A summer internship is a great way to learn how people at a company pretend to work.
I was pretty excited to start my first day of internship. I dressed up in business casual and met one of my professors in the lobby so we could go to my company together. In order to practice my commute to work, she had me lead her all the way to Ewha Womans University. It was pretty easy to navigate because the train system is color coded, and signs are everywhere. When I reached Ewha University Station, we bet up with another girl named Kristene. She participated in this same Global Internship Program a year ago.
All three of us walked from the station and through a busy street that had a bunch of shops, cafes, and restaurants (All of it is a part of the campus) until we reached the Ewha Gate. The university is so gorgeous, and very hilly. The campus reminds me of the steep San Francisco hills a little bit. Anyway, I had to go up a few steps and hills to reach a building called POSCO, which is where I will be working every day. We waited at the top floor of the building at Nescafe. There, I met Professor Park, my boss. (She also told me I could call her Kyosu-nim, which means professor). She asked me questioned about myself and talked about how she was fascinated with the agriculture in America, especially the three-year cycle method when a farmer plants corn one year, beans the next, and nothing the next. Then she talked about the soil being called “Black Gold.” It was interesting to her because the soil in South Korea is a bit yellow. So, when children in South Korea color soil, they color with yellow or brown, but kids in America color with brown or black.
After introductions, Professor Park introduced me to my mentor for the month, then proceeded to tell me what I would be doing during my internship. I will be working with Kristene, but only for a week because she is leaving for a different company. After she leaves, I will be on my own. They showed me a media room and introduced me to a man they said could help me with photography and video editing. Then, they showed me the computer lab and told me that was where I would be working. Apparently, I don’t have to do much. They said all I had to do was blog about Korea. They said I could even practice my Korean while I was there. However, I have to be available so I can help other Ewha students practice their English.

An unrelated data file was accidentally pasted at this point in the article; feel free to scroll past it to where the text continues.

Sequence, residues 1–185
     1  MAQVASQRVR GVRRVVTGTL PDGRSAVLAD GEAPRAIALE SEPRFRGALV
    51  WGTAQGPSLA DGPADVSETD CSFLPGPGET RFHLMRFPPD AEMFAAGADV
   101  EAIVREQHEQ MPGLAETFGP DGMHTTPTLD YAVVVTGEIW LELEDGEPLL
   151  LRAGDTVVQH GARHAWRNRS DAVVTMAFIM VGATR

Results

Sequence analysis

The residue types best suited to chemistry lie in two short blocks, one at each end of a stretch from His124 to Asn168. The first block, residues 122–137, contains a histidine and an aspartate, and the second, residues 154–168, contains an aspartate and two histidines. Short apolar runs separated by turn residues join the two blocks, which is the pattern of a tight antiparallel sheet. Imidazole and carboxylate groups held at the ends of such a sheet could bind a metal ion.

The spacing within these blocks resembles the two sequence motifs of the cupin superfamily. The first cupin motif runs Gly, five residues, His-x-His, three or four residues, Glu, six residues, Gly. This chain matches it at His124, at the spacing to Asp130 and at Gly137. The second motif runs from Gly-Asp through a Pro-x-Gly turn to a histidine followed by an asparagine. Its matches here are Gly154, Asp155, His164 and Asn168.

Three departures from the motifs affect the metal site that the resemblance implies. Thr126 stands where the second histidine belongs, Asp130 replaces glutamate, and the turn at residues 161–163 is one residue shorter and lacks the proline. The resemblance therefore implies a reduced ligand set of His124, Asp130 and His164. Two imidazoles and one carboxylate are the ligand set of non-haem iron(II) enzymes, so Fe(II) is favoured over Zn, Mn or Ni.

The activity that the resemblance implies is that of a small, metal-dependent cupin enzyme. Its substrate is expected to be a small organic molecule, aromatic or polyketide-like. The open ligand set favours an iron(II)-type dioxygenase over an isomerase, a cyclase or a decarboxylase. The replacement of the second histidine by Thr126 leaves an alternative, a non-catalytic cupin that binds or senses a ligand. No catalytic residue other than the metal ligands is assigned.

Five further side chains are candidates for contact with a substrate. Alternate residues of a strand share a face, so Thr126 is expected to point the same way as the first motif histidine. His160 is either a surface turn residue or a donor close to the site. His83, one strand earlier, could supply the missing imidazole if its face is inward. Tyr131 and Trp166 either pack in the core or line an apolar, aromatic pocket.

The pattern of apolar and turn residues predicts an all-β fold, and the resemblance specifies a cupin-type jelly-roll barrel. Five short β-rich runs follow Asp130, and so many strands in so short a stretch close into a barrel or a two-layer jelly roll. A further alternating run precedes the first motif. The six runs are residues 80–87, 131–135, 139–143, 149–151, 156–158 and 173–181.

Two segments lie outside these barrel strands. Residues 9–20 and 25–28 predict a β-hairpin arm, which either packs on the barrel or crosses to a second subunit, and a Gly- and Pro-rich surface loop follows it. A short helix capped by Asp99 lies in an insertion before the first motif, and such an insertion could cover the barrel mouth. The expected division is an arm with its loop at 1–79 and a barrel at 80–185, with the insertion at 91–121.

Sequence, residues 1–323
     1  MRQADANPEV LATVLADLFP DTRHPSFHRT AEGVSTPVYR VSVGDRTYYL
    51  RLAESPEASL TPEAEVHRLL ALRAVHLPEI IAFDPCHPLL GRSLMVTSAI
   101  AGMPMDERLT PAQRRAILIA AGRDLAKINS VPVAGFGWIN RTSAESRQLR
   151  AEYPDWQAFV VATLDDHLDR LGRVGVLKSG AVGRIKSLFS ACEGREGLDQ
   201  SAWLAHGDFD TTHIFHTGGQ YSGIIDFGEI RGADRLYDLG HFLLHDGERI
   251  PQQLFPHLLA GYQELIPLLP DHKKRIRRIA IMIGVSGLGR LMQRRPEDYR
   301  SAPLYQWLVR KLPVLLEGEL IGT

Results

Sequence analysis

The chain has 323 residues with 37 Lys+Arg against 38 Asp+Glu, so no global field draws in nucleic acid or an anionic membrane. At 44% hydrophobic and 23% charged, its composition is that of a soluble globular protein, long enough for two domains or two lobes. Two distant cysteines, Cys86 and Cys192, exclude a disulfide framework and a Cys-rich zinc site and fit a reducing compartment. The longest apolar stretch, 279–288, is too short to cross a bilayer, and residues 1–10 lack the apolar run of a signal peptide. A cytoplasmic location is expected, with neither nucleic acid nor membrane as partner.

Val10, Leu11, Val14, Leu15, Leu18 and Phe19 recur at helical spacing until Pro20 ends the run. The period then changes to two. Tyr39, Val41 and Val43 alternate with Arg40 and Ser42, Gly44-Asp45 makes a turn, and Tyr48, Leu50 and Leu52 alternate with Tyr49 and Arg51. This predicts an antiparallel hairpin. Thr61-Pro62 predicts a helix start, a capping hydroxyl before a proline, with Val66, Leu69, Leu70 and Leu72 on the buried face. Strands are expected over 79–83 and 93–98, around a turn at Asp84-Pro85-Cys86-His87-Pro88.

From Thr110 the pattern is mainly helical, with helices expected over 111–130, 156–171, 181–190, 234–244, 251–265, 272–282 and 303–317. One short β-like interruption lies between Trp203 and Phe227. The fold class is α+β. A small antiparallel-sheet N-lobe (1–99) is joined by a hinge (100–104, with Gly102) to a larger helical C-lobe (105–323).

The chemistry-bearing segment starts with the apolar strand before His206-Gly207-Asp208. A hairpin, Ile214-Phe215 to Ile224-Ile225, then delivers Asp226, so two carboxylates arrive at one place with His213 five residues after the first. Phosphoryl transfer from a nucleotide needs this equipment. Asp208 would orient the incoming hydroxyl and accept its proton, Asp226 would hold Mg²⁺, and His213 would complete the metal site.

My mentor is worried since I will be the only one working after a week. I told her I didn’t mind because I always worked alone anyway (which doesn’t sound right now that I say it). But she looked up a bunch of eating places and art museums and exhibits I could visit during my time here since I’ll be off work early. Kristene, a Malaysian girl (I don’t think I’ve ever met one), offered to take me places too. She told me about a Korean pop store and I told her there was a guy in my group who loved K-Pop. So, she asked if he was gay XD. We had a good laugh over that.
That was basically my first day of work. Kristene and I went to eat lunch after because she really wanted me to try a dish called Jjimadak. It’s basically soy sauce chicken with potatoes and glass noodles. It was really good, but I was afraid I would choke on the noodles because it was so slippery and chewy.
As we ate, Kristene and I chatted. I asked her how she learned Korean, and she said she was self-taught from watching a lot of Korean TV. I won’t lie. I feel very discouraged learning a language, but I was just curious how she learned.
After, she decided to take me to an art store on campus. But she was waiting for her friend to come and join us. By this time, I was already sweating like crazy, and my shoes were killing me, so I suddenly grew very irritated. We walked to the art store so I could by a sketchbook and manga paper for work tomorrow, but I didn’t want to be by anyone. So, I said my goodbye and went back to the hotel.
But as soon as I got there, my friend quickly invited and all of my peers out to dinner. We ate at a place called Goobne. We only ate four types of chicken. Everyone else ordered a huge pitcher of beer and went to town. I had a headache at the time, and everyone talking loudly wasn’t helping. (I keep getting headaches. I don’t know why). But it was all fun. I didn’t feel like myself, though. I felt like I was irritating people or being too sarcastic and crude. So, I was really happy when I returned to my hotel for some downtime.
Now, I’m not sure what to expect for tomorrow.